|Julie, image courtesy of Google Images|
By Olivia Goldman
Julie Zeilinger, age 18, is already an accomplished journalist. In the summer after her sophomore year of high school, she founded The F Bomb, a feminist blog for teenagers. Soon after, she landed the opportunity to interview one of the most legendary feminists of all time, Gloria Steinem. In addition to editing the F Bomb, she is currently a columnist for The Frisky, a popular women’s entertainment and lifestyle blog. And her latest accomplishment? Being accepted into the Barnard Class of 2015.
That being said, Barnard, welcome to the scrutiny of the blog network. Julie’s column on The Frisky, “College Confidential,” has provided commentary on Julie’s experiences so far at Barnard, including orientation, financial aid, and her fears of the freshman 15. But Julie’s articles aren’t the typical advice posts for dorm decorating, snagging boys and making friends (being told to “join clubs!” for the twenty-millionth time gets a little old) that we all skimmed through the last day before freshman move-in.
“Basically, I’m taking the readers of The Frisky through my freshman year,” explains Julie, “and helping them relive what they went through.” With the experience of a jaded high school commentator already under her belt, Julie’s columns are poignant, funny, and touchingly honest. She takes us through her hopes and fears for what was the probably one of the biggest change in all our lives—leaving home, being independent, and thrust into the overwhelming metropolis that we now fondly call “home.”
Julie hails from Pepper Pike, Ohio, where she went to a small private school. The school itself may have been a little unusual. As Julie puts it, “it was really small. There were a lot of really progressive people… but then again, [my school] was literally a converted farm in Ohio, so there were still a lot of rural attitudes that way.” Julie, however, has an undeniable knack for getting the bulls-eyes that that make her writing remarkably insightful, and at the same time even more accessible to her readers.
[A]s soon as she entered the bathroom I prepared to leave, so that Aphrodite could descend to envelop this senior girl in an otherworldly glow…or to let her do whatever it was the pretty girls did alone in bathrooms.
But before I could leave, the senior girl blurted, ‘Does this shirt make me look pregnant?’
(The F Bomb)
Even though her cute first-year status might convince people otherwise, it cannot be forgotten that this girl, editor for The F Bomb, is undoubtedly a hard-hitting feminist. “But how will we ever connect to other women, how will our generation of girls ever realize this reality when the culture we live in is so destructive?” She writes, “Our culture destroys our self-esteem, destroys our integrity, and destroys the opportunities we deserve through the media and the continuance of sexist beliefs.” Hold on a minute there, Julie. Yes, most of us at Barnard like to strut our female swag, but isn’t Barnard, as the Spectator appropriately put it, even at times a “misogyny by women”? We are proud to be women, but I mean, “feminist” is pushing it a little far for most of us, isn’t it? Generally, aren’t we OK with society? How will Barnard women handle it when Julie tries to burn bras and convince us to stop shaving our legs?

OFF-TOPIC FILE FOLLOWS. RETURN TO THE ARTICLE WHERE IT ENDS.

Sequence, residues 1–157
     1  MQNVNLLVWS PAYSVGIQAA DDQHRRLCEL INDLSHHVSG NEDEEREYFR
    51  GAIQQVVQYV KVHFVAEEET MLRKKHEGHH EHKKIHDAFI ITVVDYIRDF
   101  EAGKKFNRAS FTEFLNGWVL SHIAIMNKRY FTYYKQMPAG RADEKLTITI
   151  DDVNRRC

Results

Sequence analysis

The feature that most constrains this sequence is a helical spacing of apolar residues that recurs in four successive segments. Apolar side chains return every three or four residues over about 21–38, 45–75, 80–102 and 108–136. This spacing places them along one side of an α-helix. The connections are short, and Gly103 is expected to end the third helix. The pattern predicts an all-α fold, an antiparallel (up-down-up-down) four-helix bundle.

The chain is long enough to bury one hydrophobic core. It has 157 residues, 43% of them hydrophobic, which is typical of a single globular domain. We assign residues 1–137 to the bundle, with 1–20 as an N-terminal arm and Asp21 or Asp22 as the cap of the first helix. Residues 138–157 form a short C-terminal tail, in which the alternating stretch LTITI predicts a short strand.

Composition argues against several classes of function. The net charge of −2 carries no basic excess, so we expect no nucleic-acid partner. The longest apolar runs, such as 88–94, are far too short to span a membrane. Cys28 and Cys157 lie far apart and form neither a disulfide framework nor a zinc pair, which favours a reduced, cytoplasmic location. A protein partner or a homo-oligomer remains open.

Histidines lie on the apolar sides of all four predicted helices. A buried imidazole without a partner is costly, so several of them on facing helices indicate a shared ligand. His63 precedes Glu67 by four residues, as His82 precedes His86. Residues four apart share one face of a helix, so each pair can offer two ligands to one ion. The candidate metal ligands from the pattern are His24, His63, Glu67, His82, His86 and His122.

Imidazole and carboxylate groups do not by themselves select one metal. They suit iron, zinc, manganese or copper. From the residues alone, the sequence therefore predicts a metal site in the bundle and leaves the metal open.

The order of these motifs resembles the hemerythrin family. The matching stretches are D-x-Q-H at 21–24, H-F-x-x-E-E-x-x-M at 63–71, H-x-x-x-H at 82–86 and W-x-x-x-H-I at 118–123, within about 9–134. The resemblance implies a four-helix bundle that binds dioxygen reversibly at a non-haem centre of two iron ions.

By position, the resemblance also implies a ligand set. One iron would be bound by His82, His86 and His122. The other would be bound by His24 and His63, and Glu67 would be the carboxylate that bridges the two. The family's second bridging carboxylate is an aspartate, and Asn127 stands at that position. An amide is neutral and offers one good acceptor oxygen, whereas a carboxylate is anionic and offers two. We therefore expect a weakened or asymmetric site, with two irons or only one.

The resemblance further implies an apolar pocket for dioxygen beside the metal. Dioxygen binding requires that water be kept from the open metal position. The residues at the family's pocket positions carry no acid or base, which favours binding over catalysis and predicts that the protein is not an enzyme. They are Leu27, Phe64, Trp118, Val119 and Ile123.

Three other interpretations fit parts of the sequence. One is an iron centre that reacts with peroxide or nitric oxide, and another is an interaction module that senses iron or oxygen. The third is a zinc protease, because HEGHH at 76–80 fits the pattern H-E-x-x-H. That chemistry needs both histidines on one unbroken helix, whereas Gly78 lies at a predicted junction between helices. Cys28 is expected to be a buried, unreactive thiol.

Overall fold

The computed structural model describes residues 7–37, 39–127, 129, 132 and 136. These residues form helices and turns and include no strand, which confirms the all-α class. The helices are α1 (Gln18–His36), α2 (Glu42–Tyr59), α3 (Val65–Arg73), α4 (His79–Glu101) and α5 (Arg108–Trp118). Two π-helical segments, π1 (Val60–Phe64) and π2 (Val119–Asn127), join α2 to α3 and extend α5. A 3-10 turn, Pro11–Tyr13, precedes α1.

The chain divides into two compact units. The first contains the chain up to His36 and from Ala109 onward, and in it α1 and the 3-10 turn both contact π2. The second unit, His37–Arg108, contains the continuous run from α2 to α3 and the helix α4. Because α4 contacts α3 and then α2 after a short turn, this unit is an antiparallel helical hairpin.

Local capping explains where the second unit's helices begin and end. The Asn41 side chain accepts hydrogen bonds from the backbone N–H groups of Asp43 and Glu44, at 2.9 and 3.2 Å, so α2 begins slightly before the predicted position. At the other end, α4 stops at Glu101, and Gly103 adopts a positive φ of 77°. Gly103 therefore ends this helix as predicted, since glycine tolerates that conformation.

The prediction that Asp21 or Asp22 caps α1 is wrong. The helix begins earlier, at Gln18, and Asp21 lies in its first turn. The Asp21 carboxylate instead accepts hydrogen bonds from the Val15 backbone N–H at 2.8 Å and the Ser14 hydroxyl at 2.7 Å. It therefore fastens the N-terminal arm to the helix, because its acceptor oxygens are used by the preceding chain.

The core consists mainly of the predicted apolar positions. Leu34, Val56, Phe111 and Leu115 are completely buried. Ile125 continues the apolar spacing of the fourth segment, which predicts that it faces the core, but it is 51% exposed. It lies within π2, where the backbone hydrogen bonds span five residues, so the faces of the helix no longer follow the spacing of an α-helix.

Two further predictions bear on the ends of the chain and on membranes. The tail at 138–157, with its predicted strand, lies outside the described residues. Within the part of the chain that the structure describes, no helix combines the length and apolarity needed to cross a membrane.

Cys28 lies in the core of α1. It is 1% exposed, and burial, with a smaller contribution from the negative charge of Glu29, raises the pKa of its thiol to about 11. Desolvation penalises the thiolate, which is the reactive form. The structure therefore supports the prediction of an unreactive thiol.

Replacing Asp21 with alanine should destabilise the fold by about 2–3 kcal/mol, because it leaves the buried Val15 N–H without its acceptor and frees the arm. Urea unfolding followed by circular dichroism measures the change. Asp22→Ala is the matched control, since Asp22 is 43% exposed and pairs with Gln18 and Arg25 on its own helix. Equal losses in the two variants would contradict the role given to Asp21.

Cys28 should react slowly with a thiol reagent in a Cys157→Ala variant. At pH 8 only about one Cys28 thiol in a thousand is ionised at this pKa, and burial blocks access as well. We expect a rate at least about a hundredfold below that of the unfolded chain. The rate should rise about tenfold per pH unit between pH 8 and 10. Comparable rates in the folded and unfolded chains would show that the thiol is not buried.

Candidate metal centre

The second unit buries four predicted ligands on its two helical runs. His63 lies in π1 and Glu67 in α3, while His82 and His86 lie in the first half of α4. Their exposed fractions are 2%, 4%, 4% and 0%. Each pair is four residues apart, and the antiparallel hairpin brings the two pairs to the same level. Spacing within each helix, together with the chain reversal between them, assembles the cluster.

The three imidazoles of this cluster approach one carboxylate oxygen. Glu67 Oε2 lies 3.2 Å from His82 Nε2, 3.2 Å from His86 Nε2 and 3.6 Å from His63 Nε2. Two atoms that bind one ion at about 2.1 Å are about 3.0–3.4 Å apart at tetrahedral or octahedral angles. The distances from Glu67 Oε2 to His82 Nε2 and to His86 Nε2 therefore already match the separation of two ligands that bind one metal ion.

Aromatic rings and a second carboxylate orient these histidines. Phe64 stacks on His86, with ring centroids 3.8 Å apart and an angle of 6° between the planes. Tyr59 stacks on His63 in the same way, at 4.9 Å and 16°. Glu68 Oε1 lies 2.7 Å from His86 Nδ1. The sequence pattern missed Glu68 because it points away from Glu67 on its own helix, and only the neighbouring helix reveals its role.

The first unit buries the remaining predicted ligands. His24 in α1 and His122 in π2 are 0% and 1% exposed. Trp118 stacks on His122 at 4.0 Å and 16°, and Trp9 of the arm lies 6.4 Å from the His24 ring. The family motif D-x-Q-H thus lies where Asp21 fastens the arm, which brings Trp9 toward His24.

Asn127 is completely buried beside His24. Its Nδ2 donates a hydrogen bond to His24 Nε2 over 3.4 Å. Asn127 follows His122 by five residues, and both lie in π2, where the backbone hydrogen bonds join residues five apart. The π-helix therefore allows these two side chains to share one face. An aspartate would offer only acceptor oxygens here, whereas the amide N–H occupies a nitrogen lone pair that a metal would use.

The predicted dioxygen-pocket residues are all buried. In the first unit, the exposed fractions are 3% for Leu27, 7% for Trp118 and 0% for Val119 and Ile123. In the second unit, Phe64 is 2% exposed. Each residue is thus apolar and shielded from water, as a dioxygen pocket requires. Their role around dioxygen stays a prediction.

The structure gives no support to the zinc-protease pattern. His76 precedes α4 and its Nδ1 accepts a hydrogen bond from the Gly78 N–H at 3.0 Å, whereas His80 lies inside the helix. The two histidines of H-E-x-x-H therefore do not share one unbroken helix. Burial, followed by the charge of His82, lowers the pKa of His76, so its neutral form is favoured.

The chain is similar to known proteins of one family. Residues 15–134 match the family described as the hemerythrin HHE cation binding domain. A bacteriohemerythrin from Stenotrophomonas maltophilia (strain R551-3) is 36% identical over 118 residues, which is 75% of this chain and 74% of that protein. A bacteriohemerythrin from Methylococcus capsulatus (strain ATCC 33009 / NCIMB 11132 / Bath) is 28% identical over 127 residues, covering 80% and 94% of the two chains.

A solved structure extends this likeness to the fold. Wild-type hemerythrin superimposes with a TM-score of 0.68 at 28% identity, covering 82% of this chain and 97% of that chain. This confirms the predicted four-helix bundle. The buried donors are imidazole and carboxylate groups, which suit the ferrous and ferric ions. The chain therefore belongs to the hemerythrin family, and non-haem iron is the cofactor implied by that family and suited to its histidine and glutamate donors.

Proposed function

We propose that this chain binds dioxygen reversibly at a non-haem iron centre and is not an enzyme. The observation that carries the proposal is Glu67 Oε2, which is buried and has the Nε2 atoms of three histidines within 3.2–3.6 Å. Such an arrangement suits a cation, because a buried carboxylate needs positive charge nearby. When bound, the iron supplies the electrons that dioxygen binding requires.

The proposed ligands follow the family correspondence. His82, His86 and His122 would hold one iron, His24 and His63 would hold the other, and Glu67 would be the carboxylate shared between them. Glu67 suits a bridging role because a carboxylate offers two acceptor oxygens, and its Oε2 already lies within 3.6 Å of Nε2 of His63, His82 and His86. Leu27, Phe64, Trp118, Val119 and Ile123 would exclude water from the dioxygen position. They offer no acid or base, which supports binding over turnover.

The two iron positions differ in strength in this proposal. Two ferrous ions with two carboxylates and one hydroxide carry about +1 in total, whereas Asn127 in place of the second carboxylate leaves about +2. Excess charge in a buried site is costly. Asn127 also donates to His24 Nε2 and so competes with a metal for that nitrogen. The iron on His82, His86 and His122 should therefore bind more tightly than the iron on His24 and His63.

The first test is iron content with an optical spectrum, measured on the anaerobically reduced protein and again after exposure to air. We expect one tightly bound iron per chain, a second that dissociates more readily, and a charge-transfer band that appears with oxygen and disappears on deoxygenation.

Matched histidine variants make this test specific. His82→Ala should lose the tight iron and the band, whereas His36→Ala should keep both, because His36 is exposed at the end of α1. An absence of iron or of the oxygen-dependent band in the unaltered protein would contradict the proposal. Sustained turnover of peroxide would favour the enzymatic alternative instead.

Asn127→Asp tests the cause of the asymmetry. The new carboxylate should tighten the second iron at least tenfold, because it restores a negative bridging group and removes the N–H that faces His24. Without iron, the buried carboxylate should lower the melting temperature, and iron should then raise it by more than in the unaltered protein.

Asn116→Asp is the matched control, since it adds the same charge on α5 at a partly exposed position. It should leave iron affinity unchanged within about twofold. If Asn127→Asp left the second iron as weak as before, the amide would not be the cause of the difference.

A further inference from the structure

“For me, feminism is a really personal experience… not so much ‘Yay, women’ all the time.” Julie isn’t afraid or disappointed of what could be considered Barnard’s own brand of all-women counter-feminism. “It’s not even important that you call yourself a feminist, so much as that you have feminist ideals and you live them in your life… I think what it just comes down to is equality… about being the best person that I can in the context of the society that I live in, which can often be sexist.” Julie’s feminist ideas are ripe for a modern time, effective, and self-constructive—they resonated with me, as I think they would with most of our school, as well as our generation. But this didn’t really surprise me, since she’s one of the leaders of the modern teenage feminist movement, but also because she is, after all, a Barnard woman.
So what’s the next step for someone already so accomplished? Should we book the date, when, across the street, she receives the Pulitzer Prize? Well, Julie is currently “thinking about double-majoring in human rights and women studies or human rights and political science, but we’ll see since I honestly have no idea… I’ll probably end up writing, but then again, who knows.” She’s also taking a course in Hindi. Julie the first-year sounds like half the people I know at Barnard. But, again, is it even noteworthy that someone so extraordinary seems to fit right into the mold of what it is to be a Barnard woman?
Welcome to Barnard, Julie! We love that you’re here.
If you have any topics or ideas for Julie’s “College Confidential” column about things that you dealt with in your freshman year or are dealing with now, email Julie (firstname.lastname@example.org).
Olivia Goldman is a sophomore at Barnard College and senior editor of The Nine Ways of Knowing.